4. Withdraw at gun point
Since some are not that tech savvy, the next thing to do is to waylay customers trying to use ATMs. This especially occurs at night when human traffic is low and risk to them being caught is very high. Another trend happening within the Nigerian space includes robbers who force their victims to go to an ATM to withdraw cash.
Use only bank ATM machines in well-lighted, high-traffic areas. ATMs inside busy supermarkets are considered safer. Don’t use ATM machines that are remote or hidden such as being located behind buildings, behind pillars, walls, or away from public view. Beware of obvious hiding places like shrubbery or overgrown trees. ATM robbers like to
Always have enough cash especially at night. Even when you have no choice, avoid ATMs where people are lurking around. Since you cannot return the money to the ATM, don’t waste time counting money at night. If threatened by an ATM armed robber, don’t for any reason try to be a hero. Don’t fight or attempt to chase the robber. Simply walk to a safe place and contact your bank and the Police. However, the safest tip is to avoid being in dangerous situations either at night or in isolated places.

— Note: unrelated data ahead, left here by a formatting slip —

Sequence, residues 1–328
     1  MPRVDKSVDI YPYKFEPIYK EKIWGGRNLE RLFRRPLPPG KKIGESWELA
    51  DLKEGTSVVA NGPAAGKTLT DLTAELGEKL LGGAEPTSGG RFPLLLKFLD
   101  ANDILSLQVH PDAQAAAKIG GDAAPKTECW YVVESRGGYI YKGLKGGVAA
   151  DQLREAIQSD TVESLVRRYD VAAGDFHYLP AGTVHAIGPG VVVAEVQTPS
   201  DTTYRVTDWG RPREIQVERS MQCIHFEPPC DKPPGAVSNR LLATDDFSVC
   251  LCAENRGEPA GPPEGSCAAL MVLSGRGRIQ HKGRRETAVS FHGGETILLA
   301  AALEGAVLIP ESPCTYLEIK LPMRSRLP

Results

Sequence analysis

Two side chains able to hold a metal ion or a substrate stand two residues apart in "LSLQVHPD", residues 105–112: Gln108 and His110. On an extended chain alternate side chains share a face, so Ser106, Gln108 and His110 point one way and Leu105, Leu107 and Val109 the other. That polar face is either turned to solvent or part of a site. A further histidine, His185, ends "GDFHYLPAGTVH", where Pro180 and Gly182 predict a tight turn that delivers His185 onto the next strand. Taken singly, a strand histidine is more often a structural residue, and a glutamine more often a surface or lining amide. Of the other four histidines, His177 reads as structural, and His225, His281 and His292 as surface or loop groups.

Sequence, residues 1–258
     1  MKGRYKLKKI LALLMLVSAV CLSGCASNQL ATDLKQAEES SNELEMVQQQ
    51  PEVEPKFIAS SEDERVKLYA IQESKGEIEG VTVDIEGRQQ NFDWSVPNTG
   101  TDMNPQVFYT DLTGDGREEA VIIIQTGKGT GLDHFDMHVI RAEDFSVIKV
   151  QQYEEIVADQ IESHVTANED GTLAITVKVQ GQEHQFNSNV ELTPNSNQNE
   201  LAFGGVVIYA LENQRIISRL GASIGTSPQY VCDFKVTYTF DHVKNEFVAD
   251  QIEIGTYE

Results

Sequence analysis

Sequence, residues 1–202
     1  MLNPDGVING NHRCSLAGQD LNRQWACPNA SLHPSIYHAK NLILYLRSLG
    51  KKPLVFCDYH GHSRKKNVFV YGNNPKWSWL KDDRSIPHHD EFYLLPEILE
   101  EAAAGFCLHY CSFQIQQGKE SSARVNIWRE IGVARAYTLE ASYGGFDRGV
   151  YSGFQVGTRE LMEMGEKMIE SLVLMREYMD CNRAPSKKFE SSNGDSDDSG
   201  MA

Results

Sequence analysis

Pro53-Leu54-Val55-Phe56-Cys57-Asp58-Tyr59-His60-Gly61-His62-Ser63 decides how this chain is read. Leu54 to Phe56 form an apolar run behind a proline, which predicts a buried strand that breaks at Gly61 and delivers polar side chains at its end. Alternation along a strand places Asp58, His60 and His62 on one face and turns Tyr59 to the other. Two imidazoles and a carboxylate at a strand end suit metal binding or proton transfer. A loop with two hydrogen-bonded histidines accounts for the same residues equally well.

The only way around this is to take your personal safety seriously. Avoid ATMs where your security can be easily compromised.
5. Report to your bank’s watch-list any time you suspect anything
Most times when you receive those emails, most conscious customers already know this and they avoid trouble, however others still fall into the scam because we do not report it. When you spot a scam, phishing and fraudulent scam, report it to the bank immediately, this allows the bank to take the necessary actions that get the website blacklisted, banned or taken down.
All across the world the battle to secure online and technology transactions is becoming more complex and technical. We banking customers can also improve the banking system by taking the necessary precautions that makes your financial transactions secure.